I’d never heard of Fred Cornog before now, but if his music resonates with me half as much as his words, I’ll be quite impressed.
Do you continue to work your day job at Home Depot because it gives you access to the kind of people who populate your records?I am one of those people. I’m basically a working class pawn, a cog in the wheel, who happens to write songs. Maybe I’m more artistically inclined than your average Home Depot employee but, beyond that, I don’t see much of a difference.Could you ever imagine making a living off of your music?Of course. But the thing that bothers me is that making a living solely from music nearly always involves a list of compromises that I’m unwilling to make. And, ultimately, the commerce side of things kills the artistic side. When you get semi-successful, you will be asked to tour and promote your music in various ways. Eventually, you’ll end up spending more and more time promoting your music and doing this peripheral bullshit stuff, and less and less time creating music. And, ironically, making music is what made you semi-successful in the first place. An artist must always be aware of this. Don’t fall into the traps. Otherwise, slowly, slowly, the power gets pulled away from you.You’ve hardly ever played live, and certainly not for well over a decade. Why is this?When I was a kid, my father used to yell at me constantly to stop playing the piano. He’d scream, “Stop playin’ that damn piano! God damn it, you had all day to play that damn thing! Can’t you see I’m watchin’ the television! I want some peace and quiet, God damn it!” When you’re a kid and you hear this over and over and over, it changes you, and it changes your brain chemistry. Another kid might have started a rock band down at a friend’s house. But me, my father’s wrath drove me inside my mind. It made me want to curl up and hide. So I quietly wrote songs in my room and became a Tascam mini-studio musician. But the catch is, in working alone like this for years and years, and never collaborating with other musicians, my methodology has somewhat crippled me. I’m not complaining and it’s not sad or anything. That’s just the way it is.Another reason is that I’ve never liked being the centre of attention. I have the absolute worst kind of personality for the rock world. When I go out, I like to quietly sit at the back of the bar. The last thing I want to do is stand at the centre of the stage in a fuckin’ spotlight with people staring at me waiting to be entertained.Do you consider your refusal to ‘play the game’ to be in any way rock ‘n’ roll?I don’t think that the rebellious spirit of rock ‘n’ roll exists in roll ‘n’ roll anymore. [It] is inhabiting other artforms. The spirit is moving to where there are fewer rules. The spirit is moving to where there isn’t an expectation of money being made. It’s moving away from the marketplace. It always does.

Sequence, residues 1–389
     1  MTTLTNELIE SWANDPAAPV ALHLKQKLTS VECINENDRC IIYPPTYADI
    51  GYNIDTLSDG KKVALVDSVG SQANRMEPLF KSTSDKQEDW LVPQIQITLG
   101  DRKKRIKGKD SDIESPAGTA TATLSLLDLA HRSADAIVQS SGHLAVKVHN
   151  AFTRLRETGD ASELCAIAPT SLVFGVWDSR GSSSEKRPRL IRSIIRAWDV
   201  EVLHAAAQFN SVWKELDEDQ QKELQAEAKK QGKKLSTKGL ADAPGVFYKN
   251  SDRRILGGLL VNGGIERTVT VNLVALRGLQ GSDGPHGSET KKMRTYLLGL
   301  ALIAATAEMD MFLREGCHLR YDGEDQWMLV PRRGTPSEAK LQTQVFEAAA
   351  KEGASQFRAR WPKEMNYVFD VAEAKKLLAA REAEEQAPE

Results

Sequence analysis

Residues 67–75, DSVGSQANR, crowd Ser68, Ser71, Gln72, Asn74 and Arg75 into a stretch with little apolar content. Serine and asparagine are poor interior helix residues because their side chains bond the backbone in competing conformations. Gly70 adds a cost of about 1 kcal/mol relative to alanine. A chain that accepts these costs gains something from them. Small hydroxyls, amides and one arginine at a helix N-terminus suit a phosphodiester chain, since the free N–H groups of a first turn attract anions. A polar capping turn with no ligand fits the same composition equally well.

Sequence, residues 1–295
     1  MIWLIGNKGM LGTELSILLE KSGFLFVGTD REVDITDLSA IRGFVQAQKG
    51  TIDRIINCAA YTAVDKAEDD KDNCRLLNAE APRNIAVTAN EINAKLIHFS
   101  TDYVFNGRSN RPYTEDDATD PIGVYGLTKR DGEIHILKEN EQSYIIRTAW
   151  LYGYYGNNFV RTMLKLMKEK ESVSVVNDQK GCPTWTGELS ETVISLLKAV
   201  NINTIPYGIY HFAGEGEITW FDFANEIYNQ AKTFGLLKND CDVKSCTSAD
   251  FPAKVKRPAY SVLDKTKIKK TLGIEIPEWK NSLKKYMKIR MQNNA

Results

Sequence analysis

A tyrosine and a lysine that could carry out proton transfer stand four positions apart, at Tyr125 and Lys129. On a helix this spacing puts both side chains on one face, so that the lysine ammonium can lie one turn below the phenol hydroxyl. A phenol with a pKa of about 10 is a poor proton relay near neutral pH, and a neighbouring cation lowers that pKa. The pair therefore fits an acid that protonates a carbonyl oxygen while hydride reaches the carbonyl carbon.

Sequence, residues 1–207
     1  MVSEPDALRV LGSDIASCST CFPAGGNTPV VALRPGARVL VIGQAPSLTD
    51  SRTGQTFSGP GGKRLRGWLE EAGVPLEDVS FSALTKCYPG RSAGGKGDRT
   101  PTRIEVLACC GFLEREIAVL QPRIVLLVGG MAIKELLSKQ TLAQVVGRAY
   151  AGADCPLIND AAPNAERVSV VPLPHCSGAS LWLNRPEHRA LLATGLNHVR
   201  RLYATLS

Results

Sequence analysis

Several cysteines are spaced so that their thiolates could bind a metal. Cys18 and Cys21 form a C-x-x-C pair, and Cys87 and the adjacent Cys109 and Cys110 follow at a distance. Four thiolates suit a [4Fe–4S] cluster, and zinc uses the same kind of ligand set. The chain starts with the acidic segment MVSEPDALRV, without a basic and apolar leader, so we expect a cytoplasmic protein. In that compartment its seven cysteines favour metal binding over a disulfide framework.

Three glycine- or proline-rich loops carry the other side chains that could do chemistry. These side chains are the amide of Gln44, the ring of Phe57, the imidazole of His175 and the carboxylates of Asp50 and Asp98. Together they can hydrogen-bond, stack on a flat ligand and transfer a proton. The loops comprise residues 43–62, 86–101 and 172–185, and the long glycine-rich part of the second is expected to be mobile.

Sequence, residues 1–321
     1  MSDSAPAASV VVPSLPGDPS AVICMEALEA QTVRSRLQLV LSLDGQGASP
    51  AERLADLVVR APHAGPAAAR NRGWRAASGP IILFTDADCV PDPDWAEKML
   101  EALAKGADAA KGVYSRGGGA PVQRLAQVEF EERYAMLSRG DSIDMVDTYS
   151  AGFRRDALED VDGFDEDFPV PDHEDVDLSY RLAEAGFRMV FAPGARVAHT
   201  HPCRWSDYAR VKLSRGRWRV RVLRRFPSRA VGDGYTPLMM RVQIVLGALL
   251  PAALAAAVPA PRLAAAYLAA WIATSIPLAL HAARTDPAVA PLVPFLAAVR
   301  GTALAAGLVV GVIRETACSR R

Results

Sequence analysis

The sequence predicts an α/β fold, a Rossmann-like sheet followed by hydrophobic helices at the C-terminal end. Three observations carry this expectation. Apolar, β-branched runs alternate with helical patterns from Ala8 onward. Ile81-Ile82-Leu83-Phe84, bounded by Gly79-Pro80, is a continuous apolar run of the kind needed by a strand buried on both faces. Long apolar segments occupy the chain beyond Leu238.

Schiller wrote about the fundamental contrast in cultural history between what he called the naïve and the sentimental — the original, less sophisticated but more powerful kind of art (Homer, e.g.) and the belated, more sophisticated but less visceral and emotionally powerful (modern) art. Something like a transition from naïve to sentimental has happened in rock music, and probably would have happened even if Reaganism and cynical consumerist manipulation had not taken place. Artistic movements that begin spontaneously tend to become more self-conscious and backward-looking as they develop: revolution cools into evolution, and, as with modern jazz, a creeping classicism sets in where once all was anarchy and freshness. That rock and roll is becoming classical music is just one more melancholy truth coming home to aging baby boomers like me.